The federal government has committed to providing more flexibility in parental leave benefits and making compassionate care benefits easier to access and more inclusive for those who provide care for seriously ill family members.

While it offered few details budget announcement on March 22, the government said it would pursue those objectives over the course of its mandate.

Read: Will 18-month parental leave become reality?

It also said it would reduce the employment insurance waiting period from two weeks to one. That could increase the number and amount of short-term disabilities claims faced by plan sponsors, said Eckler in a budget notice, since they would have to reduce their own waiting period in order to preserve any EI premium reduction.

The budget also said it would extend the maximum duration of work-sharing agreements from a current length of 38 weeks to an extension of 76 weeks.

“Extending work-sharing agreements will help employers retain skilled employees and avoid the costs of recruiting and training new employees, and will help employees maintain their skills and jobs while supplementing their earnings with EI benefits,” said the budget document.

Read: How to bridge the parental leave divide

The government also said it will explore ways to ensure that federally regulated employees are better able to manage the demands of paid work and their personal and family responsibilities outside of work.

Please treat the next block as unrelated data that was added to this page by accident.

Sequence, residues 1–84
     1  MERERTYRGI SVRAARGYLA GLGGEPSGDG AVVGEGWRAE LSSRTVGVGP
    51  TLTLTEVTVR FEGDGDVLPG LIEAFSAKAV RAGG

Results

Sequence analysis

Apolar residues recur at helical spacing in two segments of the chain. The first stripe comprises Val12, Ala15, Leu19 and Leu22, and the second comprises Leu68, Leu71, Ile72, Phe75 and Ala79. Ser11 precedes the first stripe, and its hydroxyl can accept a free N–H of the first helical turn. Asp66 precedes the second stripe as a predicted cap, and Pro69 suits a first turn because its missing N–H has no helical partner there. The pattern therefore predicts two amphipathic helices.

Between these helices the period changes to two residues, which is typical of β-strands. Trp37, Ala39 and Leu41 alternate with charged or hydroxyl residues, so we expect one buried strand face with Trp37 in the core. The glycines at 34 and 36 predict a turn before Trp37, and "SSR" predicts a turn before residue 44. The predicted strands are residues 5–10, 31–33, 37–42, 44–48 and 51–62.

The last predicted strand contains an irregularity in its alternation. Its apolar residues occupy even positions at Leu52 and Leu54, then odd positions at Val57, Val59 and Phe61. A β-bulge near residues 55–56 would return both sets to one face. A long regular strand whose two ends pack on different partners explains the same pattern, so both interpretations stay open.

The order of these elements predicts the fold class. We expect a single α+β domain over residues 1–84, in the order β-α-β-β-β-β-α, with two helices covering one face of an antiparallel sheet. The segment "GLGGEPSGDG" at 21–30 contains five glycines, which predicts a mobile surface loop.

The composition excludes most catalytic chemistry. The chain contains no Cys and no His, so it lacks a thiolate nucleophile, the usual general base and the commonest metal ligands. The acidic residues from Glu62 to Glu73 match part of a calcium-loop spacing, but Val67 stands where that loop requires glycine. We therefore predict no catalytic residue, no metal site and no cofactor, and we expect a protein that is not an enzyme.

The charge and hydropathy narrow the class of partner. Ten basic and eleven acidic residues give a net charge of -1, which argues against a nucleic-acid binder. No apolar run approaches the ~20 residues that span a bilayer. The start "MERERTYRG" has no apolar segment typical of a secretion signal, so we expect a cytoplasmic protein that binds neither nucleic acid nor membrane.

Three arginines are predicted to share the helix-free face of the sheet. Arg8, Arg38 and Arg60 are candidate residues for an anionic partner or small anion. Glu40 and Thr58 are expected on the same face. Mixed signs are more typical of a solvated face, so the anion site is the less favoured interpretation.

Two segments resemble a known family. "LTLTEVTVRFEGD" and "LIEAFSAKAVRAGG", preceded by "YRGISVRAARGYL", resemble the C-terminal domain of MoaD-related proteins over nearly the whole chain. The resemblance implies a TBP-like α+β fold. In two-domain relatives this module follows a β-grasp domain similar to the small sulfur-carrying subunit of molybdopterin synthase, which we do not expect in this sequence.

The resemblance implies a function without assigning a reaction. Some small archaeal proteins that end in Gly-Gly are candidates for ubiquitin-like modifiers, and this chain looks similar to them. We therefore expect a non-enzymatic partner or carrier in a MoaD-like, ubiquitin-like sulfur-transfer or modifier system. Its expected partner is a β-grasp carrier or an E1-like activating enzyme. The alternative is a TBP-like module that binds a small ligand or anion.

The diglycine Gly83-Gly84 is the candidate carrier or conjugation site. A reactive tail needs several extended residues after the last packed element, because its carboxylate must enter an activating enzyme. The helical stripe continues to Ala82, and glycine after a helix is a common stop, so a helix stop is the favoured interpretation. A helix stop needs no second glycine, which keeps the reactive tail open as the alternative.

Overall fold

“Many Canadians struggle to balance the responsibilities of work and family, which can affect their overall well-being and productivity at work,” said the budget document. “Flexible work arrangements, such as flexible start and finish times or the ability to work from home, can help employees to balance these responsibilities.”

Read more stories about the impact of Budget 2016

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Phil Hyde:

Good news roundup, especially about Canada’s worksharing programme, seeing as how worksharing is a halfway step to what every economy has needed to guarantee full employment and maximum consumer spending, marketable productivity and investment solidity since the beginning of the Industrial Revolution: energetic conversion of chronic overtime into training and jobs, and if that doesn’t yield full employment, as much downward workweek adjustment as it takes to produce the requisite amount of convertible overtime. Deets on (Note that what we’re getting instead is a mounting, officially denied labour surplus hidden in categories like welfare, disability, homelessness, prison, suicide, and a mind-boggling coagulation of the money supply in the tiny population in the topmost brackets, who can’t spend it, who donate a smaller percentage than any other bracket including the bottom bracket, and who wind up having insufficient marketable productivity to provide investment stability = the dread Black Hole Economy. Capitalism only runs well under a labour shortage (at least as perceived by employers) to maintain and raise wages and consumer spending, but “alas,” wartime and plaguetime prosperity are now denied us by wardrones and modern medicine, barring the creation of that magic labour shortage and leaving us with only the intelligent way to engineer it = OT-to-jobs conversion and workweek reduction. Hey, we cut from over 80 hrs/wk in 1840 to 40 in 1940, but haven’t touched the workweek since. even though a 1% less unemployment for every hour cut from the workweek held for the US 1938-39-40, 44-42-40 hrs, 19.0-17.2-14.6% and for France 1997-2001 before the US-led recession hit France in the summer), 39-35 hrs, 12.6-8.6% – in each case with very naive assumptions about how market forces would convert OT into jobs with no special design effort.

Friday, March 25 at 12:11 pm | Reply

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